For small businesses, every part of the marketing mix needs to speak to the question of the “why” of the brand. The “why” is basically the reason the company is in business, and the benefit of communicating such a story is that it has the ability to connect with the customer in way that promotes recall.
One part of the marketing mix which is often overlooked is the single distinctive symbol which embodies the “why”. It appears in every form of media, from printed publications and internal documents, to the website itself, thereby encouraging online engagement which leads to conversion. This symbol is the logo.
Because the logo is a physical representation of your brand, it should be carefully created by a skilled graphic designer and evaluated through focus groups, market-testing and social media analysis. While you may enjoy your logo, it’s important to keep in mind that the customer is the one who decides whether your logo is an icon or an eyesore.
Elements like color, typeface and graphics work together to give your logo meaning. Before you feature your logo across your website and marketing materials, make sure your logo conveys the right meaning.
What Color Says about your Small Business
Among the top 100 companies, the most popular logo colors are red, blue, black and gold or yellow. There’s a reason these colors dominate: They evoke positive feelings in customers, who then develop a positive association with the brand.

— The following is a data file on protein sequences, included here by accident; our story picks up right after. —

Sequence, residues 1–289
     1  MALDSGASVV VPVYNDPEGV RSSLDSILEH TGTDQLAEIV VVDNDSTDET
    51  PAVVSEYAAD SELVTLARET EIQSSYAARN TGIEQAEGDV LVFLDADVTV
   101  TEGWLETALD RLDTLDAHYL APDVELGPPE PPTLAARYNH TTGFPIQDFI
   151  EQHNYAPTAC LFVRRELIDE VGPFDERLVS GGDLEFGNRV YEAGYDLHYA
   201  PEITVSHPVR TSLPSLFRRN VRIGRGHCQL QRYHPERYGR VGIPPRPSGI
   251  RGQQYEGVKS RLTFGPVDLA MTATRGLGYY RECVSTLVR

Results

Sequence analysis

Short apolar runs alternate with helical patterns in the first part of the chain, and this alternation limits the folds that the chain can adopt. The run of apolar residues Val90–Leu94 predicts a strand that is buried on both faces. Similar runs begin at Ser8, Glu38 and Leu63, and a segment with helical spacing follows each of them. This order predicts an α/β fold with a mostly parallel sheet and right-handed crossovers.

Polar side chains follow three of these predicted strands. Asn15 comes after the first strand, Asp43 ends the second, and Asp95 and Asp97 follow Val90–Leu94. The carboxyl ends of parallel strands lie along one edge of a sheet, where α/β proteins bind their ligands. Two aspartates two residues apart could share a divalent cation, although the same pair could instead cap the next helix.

Red, popular among technology, food, and automobile companies, evokes feelings of passion and energy. Blue signifies security, dependability and peacefulness and is a top choice in healthcare, technology, finance, and airline industries. Black evokes prestige and sophistication and is common among clothing, cars, and airline companies. Yellow, common in the energy, home, and restaurant industries, evokes feelings of hope, warmth and creativity.
If you want to use multiple colors in your logo, it’s worth thinking about what they communicate when used together and how they look together when used in web- and print-based marketing materials. Your gold-and-green logo may look nice on your website and signify the sort of green optimism that’s perfect for your alternative energy company, but if the logo appears washed out or hard to read when printed on brown recycled paper business cards, you may want to tweak the colors.
What Font Communicates about your Small Business
Logo font plays a role in communicating tone and audience. While a cartoonish, curly font may be appropriate for a children’s product or a tea parlor, it would be a poor choice for a funeral home logo. Before you finalize your logo, think about how it will appear to your target audience in terms of color, font and design. Does your logo rely on overused or cliche symbols, like a globe? And if there’s a chance the audience could misconstrue your intent or confuse your logo with that of a better-known company, consider making logo changes.
Evaluating your logo’s impact
To help choose between logo designs, consider using a focus group composed of up to 10 people in your demographic. Develop a list of insightful questions that will help you evaluate logo impact. Avoid simple yes or no questions, since they will not tell you that much. Questions to consider include:
- Aesthetically, does this symbol embody what you are trying to express?
- What message does the font communicate?
- How would you improve upon the logo?
- Do you like or dislike the logo design? Why or why not?
While it may be hard to accept criticism of your logo, the feedback you receive from a focus group can be valuable. It can help you create a logo that speaks to customers and enhances brand credibility. Don’t try to guess what customers think when they see your logo. Ask them for input so you can be sure your logo is communicating the right message.